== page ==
Locate the nameplate, and all the pertinent information relating to it's power consumption (generally listed in watts) will be there. Check your owners manual as well, it may be listed there. Or lookup the brand/model info online. Your inverter size depends upon how much wattage is required by the refrig you have.
Unfortunately, inversion is terribly inefficient - A general rule of thumb for figuring battery capacity needed is that the inversion process requires 10 times as much DC power as the AC power you're trying to produce. Some inverters are more efficient than others, which can reduce that ratio, but they begin to get very expensive. While choosing inverters for comparison check the manufacturers specs for their efficiency ratings.
For example, here is a small Danby cube refrigerator: DAR195BL Danby Compact Cube All Refrigerator With Energy Star
The manufacturer claims the energy consumption is 90 watts or 1.2 amps at 115 volts AC power. Using the 10:1 rule of thumb, you need approximately 12 amps of 12volt DC power on an inverter for it to run. Therefore over the course of 1 day, it will use 288 amp hours (12amp x 24 hrs) of DC power IF
it's actually running the entire 24 hrs. There are factors which play into the true usage such as how often the door is opened and the ambient outdoor temperature. If you don't have people opening it up every 5 minutes obviously it will use less power.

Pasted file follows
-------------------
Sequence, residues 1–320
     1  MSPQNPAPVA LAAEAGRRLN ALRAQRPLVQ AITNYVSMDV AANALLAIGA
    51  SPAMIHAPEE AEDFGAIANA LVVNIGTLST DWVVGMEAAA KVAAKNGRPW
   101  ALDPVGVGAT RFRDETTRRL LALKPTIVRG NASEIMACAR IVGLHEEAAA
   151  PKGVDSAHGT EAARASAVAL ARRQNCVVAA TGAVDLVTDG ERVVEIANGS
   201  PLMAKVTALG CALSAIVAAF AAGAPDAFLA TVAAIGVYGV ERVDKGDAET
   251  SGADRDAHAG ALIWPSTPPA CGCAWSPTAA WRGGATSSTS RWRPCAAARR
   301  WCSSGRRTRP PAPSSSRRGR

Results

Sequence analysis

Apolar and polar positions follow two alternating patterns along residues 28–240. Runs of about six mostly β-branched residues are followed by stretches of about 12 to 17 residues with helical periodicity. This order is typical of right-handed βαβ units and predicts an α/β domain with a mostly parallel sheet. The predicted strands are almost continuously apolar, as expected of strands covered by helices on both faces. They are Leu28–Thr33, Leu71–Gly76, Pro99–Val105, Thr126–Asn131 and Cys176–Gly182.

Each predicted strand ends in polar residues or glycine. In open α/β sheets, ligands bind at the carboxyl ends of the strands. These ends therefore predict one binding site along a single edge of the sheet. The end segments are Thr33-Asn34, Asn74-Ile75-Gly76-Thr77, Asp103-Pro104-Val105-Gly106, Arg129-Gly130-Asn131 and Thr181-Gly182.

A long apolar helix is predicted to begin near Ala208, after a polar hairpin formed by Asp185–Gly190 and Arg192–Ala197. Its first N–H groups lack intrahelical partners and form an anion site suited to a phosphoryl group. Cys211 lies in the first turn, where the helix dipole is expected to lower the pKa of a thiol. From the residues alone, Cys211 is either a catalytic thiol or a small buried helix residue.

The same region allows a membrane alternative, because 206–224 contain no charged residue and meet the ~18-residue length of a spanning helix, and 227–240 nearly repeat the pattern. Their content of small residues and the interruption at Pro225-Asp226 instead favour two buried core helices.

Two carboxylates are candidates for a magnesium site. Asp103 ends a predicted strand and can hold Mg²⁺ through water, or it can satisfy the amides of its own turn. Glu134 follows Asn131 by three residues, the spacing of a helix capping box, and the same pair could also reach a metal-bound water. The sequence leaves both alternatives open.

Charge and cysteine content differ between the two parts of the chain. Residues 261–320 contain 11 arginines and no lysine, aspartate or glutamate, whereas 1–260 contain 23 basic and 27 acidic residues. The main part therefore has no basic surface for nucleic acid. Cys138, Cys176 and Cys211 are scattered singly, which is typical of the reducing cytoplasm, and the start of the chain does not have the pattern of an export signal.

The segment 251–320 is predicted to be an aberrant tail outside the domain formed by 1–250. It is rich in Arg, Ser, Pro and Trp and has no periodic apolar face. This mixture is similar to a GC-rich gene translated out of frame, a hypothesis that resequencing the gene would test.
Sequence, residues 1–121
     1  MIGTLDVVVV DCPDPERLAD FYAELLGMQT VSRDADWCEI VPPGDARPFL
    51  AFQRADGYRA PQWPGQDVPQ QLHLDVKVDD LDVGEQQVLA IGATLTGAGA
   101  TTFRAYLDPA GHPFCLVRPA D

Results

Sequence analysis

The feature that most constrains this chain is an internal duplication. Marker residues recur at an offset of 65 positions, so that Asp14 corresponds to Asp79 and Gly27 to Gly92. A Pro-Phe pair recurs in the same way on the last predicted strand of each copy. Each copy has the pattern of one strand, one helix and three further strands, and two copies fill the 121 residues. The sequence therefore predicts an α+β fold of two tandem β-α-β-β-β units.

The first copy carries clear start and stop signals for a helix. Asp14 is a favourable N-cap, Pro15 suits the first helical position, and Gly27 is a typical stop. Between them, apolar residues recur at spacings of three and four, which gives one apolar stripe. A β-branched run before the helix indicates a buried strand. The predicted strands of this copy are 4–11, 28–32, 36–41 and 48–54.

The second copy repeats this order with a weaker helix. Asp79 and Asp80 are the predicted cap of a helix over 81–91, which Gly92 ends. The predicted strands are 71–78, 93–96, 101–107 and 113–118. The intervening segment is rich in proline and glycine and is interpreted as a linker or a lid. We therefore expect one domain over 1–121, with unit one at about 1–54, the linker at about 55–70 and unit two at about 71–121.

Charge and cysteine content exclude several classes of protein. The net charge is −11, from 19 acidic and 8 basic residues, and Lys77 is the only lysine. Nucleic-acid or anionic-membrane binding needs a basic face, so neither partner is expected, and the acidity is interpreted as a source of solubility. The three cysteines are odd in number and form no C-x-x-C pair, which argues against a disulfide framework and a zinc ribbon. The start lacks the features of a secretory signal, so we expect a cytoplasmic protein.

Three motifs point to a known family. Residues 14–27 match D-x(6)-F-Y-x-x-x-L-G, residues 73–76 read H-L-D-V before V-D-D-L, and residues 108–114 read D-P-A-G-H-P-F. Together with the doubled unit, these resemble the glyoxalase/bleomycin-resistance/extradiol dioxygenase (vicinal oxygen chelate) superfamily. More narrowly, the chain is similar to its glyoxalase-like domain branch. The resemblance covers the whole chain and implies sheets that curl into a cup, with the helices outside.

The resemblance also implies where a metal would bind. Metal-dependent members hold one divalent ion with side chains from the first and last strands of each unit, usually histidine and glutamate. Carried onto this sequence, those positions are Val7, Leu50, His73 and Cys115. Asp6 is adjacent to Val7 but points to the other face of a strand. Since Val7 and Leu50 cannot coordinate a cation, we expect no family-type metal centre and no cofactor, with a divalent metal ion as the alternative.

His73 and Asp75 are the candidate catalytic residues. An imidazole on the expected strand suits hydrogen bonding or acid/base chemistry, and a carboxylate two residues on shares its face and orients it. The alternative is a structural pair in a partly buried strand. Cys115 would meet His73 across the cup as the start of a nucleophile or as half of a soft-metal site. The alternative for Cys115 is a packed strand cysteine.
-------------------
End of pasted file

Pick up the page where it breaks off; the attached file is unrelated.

Ok so using a base of 288 amp hours daily you need a battery configuration that will power it. The most common and least expensive setup is using 2 GC-2 type 6v batteries in series, which gives you 12 volts and approximately 220 amp hours. Using our numbers above, as you can see, if the refrig compressor is really running 24 hours, you're about 60amp hours short of running an entire day. I have found that the rated consumption numbers from the manufacturers are on the high side and that is it's rating while the compressor is running. For example, that small Danby will most likely only use around 140 amp hours in a 24 hr period depending upon how often it's opened and the ambient temperature.
So to answer your question above, with 2 GC-2 batteries and a fairly efficient inverter capable of producing at least 100 watts AC power, you will most likely get a run time of approximately a day and half on that small refrig depending upon your usage.
Keep in mind all this math is approximate and subject to change depending your
usage patterns, such as how often the door is opened, the ambient temperature outside and the efficiency of your inverter.